7. Debbie,

    I’m sorry for all the pain you had to endure to see the light, but I’m so happy your did and are here to share you insights with us today.

    The message that stands out for me the most strongly is that it takes effort, dedication, and focus to change.

    “With the brain injury, I had to focus on myself and to put all of my energy into my physical and mental rehabilitation and improvement.”

    These days people – including myself – are often looking for the quick fix or magic bullet, when really life is a path of evolution or confusion depending on how we decide to see it. I think it’s unfortunate that people today convey the message that you just need to be in the moment and connect with your heart. Maybe it is that easy for some people, but for most of us it takes time to retrain our brain.

    Thanks for your honesty and clarity.

    • Debbie Hampton Reply

      Sandra, thank you for compassion. I really do not have any regret or anger for how I got to be who I am today. A saying which I live by and believe is “If you like where you are, you can’t complain about how you got there.”

      I do wish that I had taken heed before I did and made some life changes along the way. The universe told me in subtle ways that I needed to make some changes, and, and I ignored them. The messages got bigger and more drastic until I did.

      I, like you say, was looking for the quick fix and the easy answer. I now know that there is not a quick fix, but there is an easy answer. The answer is in taking responsibility for creating ourselves and our realities. I believe this starts with our brain and the miracle of neuroplasticity. I does take time, but it is so doable and so worth it!

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  9. Pardeep Arora Reply


    In the above article you mentioned that we have to learn to accept ourself; does that mean that we can’t achieve a particular goal in our life, as we won’t be able to do all the acts required to achieve that goal, which come obvious to everyone (not met with brain injury), or does that mean that we will need more time to do that thing as compared to other persons.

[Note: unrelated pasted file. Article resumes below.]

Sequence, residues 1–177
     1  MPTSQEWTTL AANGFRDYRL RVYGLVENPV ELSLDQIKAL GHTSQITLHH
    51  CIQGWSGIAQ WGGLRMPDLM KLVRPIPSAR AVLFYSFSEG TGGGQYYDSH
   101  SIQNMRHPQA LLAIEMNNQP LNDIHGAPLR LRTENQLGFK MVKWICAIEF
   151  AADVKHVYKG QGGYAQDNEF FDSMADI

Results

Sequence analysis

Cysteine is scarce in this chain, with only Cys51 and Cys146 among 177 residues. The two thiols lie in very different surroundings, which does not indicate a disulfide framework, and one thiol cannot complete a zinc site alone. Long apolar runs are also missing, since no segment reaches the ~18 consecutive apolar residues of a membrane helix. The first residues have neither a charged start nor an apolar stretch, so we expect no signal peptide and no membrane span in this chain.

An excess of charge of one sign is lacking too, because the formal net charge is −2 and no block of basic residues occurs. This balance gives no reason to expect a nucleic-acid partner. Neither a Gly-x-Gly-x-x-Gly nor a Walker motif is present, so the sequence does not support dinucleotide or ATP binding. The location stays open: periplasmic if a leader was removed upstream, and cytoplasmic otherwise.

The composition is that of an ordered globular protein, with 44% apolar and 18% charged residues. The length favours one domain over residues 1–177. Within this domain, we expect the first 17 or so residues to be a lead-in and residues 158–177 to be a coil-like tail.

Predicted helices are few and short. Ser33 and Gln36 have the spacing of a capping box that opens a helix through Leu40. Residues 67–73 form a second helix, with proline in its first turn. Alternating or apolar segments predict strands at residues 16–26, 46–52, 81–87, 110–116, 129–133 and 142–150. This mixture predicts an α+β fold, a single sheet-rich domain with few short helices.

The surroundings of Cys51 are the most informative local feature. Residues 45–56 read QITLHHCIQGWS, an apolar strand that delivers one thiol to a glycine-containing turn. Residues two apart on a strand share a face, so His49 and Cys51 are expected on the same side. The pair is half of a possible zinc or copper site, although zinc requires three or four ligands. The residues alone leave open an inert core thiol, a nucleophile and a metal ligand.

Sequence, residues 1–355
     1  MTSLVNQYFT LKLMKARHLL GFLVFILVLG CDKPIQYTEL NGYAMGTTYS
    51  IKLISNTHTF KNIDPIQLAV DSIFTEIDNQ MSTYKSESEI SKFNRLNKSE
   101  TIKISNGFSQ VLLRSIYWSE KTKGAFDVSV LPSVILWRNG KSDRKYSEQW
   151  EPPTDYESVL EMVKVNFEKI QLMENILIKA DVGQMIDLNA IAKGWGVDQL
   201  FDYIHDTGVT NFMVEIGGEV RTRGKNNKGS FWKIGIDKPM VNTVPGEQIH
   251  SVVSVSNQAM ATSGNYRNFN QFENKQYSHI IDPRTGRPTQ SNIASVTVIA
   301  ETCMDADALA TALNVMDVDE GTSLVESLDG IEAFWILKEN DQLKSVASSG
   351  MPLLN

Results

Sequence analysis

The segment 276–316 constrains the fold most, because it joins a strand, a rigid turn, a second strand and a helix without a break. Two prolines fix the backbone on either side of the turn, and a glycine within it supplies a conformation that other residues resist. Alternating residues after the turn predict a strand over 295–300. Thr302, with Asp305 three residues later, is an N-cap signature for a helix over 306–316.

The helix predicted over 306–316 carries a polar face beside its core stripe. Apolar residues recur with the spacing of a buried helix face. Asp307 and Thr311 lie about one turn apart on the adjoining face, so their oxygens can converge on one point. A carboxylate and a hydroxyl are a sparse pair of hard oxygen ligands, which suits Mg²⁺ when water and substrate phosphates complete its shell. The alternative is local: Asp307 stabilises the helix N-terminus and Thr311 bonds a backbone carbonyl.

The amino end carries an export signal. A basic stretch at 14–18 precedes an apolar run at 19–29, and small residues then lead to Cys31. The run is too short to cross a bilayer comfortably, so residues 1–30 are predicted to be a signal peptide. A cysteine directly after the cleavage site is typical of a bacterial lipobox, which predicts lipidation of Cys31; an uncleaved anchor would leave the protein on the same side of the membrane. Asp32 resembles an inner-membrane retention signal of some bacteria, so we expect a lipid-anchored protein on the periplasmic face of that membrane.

As my brain injury happened when I was six, I am not clear about the intensity of my injury, and which areas of brain are affected, and how it changed me. Least I can say is that I am slow at doing the work, which need the skills coming naturally to anyone and this is the reason I am lacking behind everywhere.

    How should I plan my life now so that I can earn a respectable and independent living? Can something be done so that when I meet or talk to someone they can consider me as one of them, and not different?

    P.S I was thinking that neuroplasticity can help us achieve, which is otherwise unattainable.

    • Pardeep,

      Only you can answer all of your questions in a way that makes sense and feels right to you. I know that sounds like a cop out, but it’s true.

      Accepting yourself may mean revising your expectations of yourself and goals. It may mean realizing the parameters which are realistic (being slower, for example) and working WITH those realities instead of fighting against them. Might there be some jobs where going slower, and paying attention to detail is valued?

      The person that has to accept you is you – not “them.” Hope that helps a little.

      • Pardeep Arora Reply

        If accepting oneself with all the weeknesses is true, and nothing can be done about it, then why go for all the therapies and brain supplements.

        • I didn’t say nothing can be done about it. Goodness no. If I had taken that approach, I would still be severely brain injured. I’ve accepted that I will always have some speech, memory, and manual dexterity impairments and have learned to live with it and accept it. It’s OK with me. “Normal” even now. You must find that sweet spot between pushing yourself and accepting yourself. Only you know what is true for you.